The city government consists of a Mayor, ten Aldermen, twenty Councilmen, and the necessary public officers to carry on the business of the municipality, including 39 policemen. The city is composed of ten wards. There are two telegraph companies, two daily newspapers, two tri-weeklies, eight weeklies, seven monthlies, and two quarterlies.
Nashville and Edgefield has at this time forty-four churches, as follows : Methodist-white 10, colored 3 ; Baptist-white 5., colored 3 (one of which has 1,600 members); Presbyterian-white 5; Episcopal-white 6; Christian-white 3, colored 1 ; Cumberland Presbyterian-white 2; Hebrew-white I ; Lutheran white 1 ; Congregational--colored 1 ; Catholic--white 3.
The first experiment with a telephone in Nashville was made at noon on the 1st of September, by Prof. Nipher, of St. Louis, and Prof. Lovewell, of Wisconsin. The experiment was made by connecting the residences of Mrs. Ex-President Polk and Mr. A. G. Adams, on Vine street, the battery being at the house. of the latter. It was entirely successful. The Professors were in attendance on the A. A. A. S.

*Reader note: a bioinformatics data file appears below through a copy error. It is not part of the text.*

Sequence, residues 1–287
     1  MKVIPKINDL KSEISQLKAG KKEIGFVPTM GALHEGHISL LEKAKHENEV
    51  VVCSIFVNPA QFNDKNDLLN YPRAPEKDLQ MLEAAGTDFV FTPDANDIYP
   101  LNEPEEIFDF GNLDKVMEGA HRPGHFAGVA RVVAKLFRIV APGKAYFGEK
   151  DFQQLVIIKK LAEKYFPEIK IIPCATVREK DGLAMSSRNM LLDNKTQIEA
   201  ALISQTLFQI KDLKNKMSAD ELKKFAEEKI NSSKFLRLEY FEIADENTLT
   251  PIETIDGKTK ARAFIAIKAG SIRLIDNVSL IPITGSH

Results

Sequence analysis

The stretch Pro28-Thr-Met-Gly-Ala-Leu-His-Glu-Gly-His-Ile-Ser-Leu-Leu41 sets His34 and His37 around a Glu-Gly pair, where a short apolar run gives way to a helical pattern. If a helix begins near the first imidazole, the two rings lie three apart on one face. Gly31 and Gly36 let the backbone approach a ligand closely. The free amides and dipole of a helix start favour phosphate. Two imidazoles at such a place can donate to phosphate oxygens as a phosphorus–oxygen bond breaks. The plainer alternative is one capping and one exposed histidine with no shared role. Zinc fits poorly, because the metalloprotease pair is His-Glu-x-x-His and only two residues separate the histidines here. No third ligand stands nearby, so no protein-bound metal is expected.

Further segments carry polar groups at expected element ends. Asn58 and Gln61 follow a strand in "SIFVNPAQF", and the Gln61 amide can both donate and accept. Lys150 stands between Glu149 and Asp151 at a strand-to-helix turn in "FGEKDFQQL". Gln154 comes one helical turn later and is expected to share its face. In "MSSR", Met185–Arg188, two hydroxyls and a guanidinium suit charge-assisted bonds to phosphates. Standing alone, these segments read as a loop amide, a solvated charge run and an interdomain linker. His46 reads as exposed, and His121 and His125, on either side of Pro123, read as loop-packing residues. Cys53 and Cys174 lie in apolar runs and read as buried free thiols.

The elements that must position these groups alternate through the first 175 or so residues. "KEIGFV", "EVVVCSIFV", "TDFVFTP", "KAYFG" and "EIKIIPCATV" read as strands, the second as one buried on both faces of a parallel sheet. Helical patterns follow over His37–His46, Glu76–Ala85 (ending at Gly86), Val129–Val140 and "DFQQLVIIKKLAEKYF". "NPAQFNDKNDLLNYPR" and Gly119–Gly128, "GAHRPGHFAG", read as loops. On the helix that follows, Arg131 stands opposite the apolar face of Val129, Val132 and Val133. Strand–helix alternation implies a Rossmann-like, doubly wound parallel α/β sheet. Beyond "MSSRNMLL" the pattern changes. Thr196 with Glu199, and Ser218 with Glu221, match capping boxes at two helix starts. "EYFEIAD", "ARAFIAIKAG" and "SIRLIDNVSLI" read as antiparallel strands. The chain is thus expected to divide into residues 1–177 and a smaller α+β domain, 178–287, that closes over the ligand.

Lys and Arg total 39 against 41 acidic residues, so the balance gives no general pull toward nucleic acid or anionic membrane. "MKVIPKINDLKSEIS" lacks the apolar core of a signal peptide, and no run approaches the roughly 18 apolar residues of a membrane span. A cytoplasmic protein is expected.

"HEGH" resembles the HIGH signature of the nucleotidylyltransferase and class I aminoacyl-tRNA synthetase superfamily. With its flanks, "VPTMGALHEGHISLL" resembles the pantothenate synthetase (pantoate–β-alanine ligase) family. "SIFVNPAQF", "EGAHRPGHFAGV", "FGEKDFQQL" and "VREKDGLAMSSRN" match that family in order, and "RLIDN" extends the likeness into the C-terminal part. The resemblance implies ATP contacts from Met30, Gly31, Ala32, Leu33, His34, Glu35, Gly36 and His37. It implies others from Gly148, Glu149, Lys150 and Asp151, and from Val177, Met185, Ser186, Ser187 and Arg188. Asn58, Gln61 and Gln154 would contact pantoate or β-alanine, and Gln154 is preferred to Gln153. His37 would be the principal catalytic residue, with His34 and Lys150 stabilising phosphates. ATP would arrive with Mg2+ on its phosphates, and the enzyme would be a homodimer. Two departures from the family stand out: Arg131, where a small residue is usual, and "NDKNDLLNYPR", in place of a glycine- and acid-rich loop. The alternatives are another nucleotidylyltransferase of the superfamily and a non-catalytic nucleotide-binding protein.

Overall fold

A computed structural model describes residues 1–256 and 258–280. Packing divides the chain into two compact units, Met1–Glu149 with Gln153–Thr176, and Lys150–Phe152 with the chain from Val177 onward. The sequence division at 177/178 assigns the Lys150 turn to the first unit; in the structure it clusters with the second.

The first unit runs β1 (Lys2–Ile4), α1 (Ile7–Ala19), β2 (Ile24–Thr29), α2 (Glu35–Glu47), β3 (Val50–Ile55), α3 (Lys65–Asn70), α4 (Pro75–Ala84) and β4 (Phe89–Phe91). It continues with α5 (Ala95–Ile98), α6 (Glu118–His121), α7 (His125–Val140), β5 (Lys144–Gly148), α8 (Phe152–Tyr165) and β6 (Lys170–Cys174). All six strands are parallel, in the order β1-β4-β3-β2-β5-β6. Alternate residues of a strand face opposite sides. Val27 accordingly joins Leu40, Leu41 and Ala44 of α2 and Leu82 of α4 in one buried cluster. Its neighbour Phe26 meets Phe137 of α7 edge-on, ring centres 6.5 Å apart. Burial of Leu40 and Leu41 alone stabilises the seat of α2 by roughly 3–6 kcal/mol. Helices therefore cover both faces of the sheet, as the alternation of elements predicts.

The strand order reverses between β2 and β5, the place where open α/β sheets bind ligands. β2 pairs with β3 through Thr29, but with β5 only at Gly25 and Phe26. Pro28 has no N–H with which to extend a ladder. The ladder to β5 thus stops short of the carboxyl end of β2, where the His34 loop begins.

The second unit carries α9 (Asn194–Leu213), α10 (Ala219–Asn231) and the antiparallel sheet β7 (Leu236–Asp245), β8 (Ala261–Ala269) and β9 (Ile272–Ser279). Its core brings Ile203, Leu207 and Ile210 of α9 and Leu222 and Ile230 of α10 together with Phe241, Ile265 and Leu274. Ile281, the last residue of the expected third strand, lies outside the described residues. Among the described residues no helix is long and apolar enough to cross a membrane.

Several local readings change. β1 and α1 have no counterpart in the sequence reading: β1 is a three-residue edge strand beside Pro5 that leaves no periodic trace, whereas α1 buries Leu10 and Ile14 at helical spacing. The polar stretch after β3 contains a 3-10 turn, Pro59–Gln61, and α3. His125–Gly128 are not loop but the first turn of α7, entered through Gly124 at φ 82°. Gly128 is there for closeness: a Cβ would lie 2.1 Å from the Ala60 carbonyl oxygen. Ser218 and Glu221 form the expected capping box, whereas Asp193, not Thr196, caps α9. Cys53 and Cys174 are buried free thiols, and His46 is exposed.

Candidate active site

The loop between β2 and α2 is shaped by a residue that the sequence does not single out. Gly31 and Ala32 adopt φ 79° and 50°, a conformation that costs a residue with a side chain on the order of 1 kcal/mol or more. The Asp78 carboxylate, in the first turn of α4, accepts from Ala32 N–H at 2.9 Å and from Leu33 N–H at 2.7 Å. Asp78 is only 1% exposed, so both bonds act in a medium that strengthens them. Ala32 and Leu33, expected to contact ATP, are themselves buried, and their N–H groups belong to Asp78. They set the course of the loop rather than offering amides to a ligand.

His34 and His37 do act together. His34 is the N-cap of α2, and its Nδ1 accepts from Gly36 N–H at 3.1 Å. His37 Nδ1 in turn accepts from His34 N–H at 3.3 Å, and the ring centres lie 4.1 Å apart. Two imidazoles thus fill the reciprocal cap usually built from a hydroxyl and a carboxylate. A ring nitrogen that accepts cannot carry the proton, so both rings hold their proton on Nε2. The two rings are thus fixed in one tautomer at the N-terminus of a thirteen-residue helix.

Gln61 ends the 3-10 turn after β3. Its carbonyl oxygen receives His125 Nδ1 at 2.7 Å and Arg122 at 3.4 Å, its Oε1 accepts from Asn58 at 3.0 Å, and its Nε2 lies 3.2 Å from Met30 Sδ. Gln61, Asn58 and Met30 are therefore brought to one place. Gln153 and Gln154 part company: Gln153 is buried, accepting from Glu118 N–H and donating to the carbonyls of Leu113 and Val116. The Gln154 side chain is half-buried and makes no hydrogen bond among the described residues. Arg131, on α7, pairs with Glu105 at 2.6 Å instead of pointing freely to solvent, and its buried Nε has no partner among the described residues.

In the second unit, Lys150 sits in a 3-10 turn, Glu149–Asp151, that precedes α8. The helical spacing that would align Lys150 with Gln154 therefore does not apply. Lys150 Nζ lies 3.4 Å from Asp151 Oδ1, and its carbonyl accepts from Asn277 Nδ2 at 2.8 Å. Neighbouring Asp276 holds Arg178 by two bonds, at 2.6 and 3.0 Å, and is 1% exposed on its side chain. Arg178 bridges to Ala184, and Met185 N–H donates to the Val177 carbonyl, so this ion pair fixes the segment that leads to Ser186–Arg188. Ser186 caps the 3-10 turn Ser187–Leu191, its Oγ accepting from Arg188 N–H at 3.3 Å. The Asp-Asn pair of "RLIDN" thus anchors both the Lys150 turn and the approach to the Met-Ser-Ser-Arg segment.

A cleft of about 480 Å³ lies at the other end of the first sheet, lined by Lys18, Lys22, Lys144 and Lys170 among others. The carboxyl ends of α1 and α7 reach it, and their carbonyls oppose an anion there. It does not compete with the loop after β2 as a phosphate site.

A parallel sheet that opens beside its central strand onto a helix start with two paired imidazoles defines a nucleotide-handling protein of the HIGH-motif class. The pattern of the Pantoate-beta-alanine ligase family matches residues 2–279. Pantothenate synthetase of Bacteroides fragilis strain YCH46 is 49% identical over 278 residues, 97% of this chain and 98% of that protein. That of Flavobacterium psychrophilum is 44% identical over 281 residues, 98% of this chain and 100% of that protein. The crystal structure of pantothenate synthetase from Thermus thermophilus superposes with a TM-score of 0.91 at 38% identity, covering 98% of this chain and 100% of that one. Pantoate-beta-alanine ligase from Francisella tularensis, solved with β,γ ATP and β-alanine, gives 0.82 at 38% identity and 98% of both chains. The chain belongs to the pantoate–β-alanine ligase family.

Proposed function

The new Merchants' Exchange, J. P. McGuire, President, is to be opened with appropriate ceremonies on the 6th of September. President R. B. Hayes, with two or three members of the Cabinet, are expected in Nashville on the 19th.


The University of Nashville was founded by the State of North Carolina, December 29, 1785, as Davidson Academy. Its name was changed to Cumberland College in 1806, but was incorporated as the University of Nashville in 1826. It is an eleemosynary, self-perpetuating corporation, and is under the control of neither Church nor State. In 1855, Montgomery Bell bequeathed to the institution a fund of $20,000. This now amounts to nearly $50,000, and endows a grammar school. In 1850, the Medical College was organized, and the attendance averages 175 to 200 students. It is supported by fees alone. In 1875, the collegiate department was suspended, and its grounds, buildings and funds appropriated to a Normal College, sustained mainly by the Peabody education fund. Tuition is free to young women and young men alike. Twenty-three acres of land, and four large buildings, constitute the property of the University, and are valued at $150,000. The Normal School is the only first-class school of its description in a region of 800,000 square miles.
The heads of the University have been as follows: James Priestley, LL.D., President, 1809-15 ; and again 1819-20; Philip Lindsley, D.D., President, 1824-50; John Berrien Lindsley, M. D., LL. D., Chancellor, 1855-70; Gen. E. Kirby Smith, 1870-75; E. S. Stearns, D. D., appointed in 1875, and now in service.